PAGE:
Monday, March 9, 2009


Simplicity has been coming up so much in my life lately. We've been talking about it in my Capstone (spiritual formations) class as a part of our Social Justice unit. The first week of the Lenten devotional I've been doing focused on simplicity. Now our passion group is going to start discussing simplicity. Also, simplicity has been raised by a group on campus, sparking conversations with people about the topic.

I really do want to make my life more simple. I can see not only how simplicity can benefit me (better focus on God and a less stressful life), but it also can help me be more generous since I'll be spending less money and have more time. It seems that there are two kinds of simplicity, and both are important.

To me, external simplicity seems a lot easier to figure out. Practical ways to implement external simplicity could be slimming down your wardrobe and giving away the extra clothes, walking when you can instead of driving, limiting how much money you spend on coffee or eating out, or even sharing items (a lawnmower, a garden, even a house) with others.

Internal simplicity is a little harder for me to pin down. It seems to me more about removing mental clutter and unnecessary activities from your life. Ways to implement internal simplicity could include being involved in fewer activities, taking time each day to be still and pray, and cutting down on mindless distractions like tv.

I've been thinking a lot about things I can do to live more simply. Of course, clothes is a big issue. I am not an advocate of only having two changes of clothes and never buying anything new, but I do see how the amount of clothes I have border on the ridiculous. I started a new policy recently that I call The Hanger Rule. I will not buy more hangers. If I get more clothes, then I have to get rid of some to make room. This is a start, but I think I do need to pare down my closet some more. I also try to limit how many clothes I buy for full price. If I really need something, I try to shop sales or go to a thrift store.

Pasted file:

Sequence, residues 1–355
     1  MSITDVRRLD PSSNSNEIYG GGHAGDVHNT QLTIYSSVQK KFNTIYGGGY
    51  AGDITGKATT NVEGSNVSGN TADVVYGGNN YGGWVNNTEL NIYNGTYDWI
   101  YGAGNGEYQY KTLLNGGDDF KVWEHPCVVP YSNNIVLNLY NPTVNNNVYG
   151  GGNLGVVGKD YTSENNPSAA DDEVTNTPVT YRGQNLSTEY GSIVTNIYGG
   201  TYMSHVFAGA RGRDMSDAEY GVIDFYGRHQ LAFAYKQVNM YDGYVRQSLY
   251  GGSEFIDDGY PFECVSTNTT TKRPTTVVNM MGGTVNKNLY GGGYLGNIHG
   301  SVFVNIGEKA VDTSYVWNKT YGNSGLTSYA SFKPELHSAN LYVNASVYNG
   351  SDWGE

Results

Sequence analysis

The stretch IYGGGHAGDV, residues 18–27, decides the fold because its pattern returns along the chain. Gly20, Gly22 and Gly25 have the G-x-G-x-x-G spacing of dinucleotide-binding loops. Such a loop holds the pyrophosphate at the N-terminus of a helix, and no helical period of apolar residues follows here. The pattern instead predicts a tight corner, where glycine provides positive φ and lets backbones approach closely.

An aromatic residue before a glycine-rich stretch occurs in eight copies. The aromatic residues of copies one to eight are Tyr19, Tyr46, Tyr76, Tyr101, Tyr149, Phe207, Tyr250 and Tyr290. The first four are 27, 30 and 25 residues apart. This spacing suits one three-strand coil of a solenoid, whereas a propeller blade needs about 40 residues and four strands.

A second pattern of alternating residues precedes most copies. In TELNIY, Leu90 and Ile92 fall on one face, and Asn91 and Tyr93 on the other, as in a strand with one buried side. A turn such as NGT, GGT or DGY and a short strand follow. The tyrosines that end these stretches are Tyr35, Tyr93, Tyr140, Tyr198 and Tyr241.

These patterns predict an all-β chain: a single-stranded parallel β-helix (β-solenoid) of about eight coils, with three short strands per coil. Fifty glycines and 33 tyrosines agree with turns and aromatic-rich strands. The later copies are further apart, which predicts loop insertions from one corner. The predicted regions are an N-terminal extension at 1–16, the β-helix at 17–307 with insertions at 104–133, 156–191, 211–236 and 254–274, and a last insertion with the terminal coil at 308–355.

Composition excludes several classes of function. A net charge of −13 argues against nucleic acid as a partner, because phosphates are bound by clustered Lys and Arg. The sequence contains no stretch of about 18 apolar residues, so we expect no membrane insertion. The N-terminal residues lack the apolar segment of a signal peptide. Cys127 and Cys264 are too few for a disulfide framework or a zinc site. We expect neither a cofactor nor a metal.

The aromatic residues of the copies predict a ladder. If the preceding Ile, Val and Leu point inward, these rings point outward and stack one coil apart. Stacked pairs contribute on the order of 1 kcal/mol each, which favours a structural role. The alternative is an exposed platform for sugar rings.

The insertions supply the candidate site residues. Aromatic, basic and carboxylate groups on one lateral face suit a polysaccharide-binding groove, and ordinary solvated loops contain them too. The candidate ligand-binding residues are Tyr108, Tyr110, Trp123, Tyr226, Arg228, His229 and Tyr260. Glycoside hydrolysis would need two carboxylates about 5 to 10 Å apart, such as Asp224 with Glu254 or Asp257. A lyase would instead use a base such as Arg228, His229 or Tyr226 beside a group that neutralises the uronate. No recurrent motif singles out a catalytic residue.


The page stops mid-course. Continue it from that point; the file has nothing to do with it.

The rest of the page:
I also decided that I need to stop snacking when I'm not really hungry. This not a huge problem for me, but I probably do it every one to two weeks or so (depending on the time of year--finals week is a lot more). I convince myself that I am actually hungry when I really don't need food. That habit is not only bad for me healthwise, but it's a big waste of money. I really need to be conscious of when I am actually hungry and when my mouth is just hungry.

Finally, probably the biggest thing I'm learning (and struggling with) is the idea of holding my possessions loosely. Of course, I've heard all my life that my stuff isn't really my stuff but God's stuff and life isn't just about things, but when I think about it, I don't really live like that's what I believe. Some of my things I really don't care about. Like food. I love to share food with people, and I have absolutely no qualms about giving it away. Or even my car. Cars are nice, but I'm not that worried about them. The real thing I struggle with is the funny little things that I get attached to. For example, the other day I had a dinner with a bunch of people and my favorite cup was lost. It sounds silly, but I was rather unhappy that MY favorite cup was lost and I was thinking that I shouldn't have brought it to the dinner. Then I realized that maybe it's good that my cup was lost. I don't want anything, much less a stupid cup, to become so important to me that I consider not even letting others use it. I want to live the reality of God being the true owner of my stuff.

Anyway, these are just a few things that I have been tossing around lately. We'll see how it goes.

1 comment:

  1. Goodness, how complex simplicity can be! But I, too, am being pursued by the idea. I suppose I ought to pay attention a little more.


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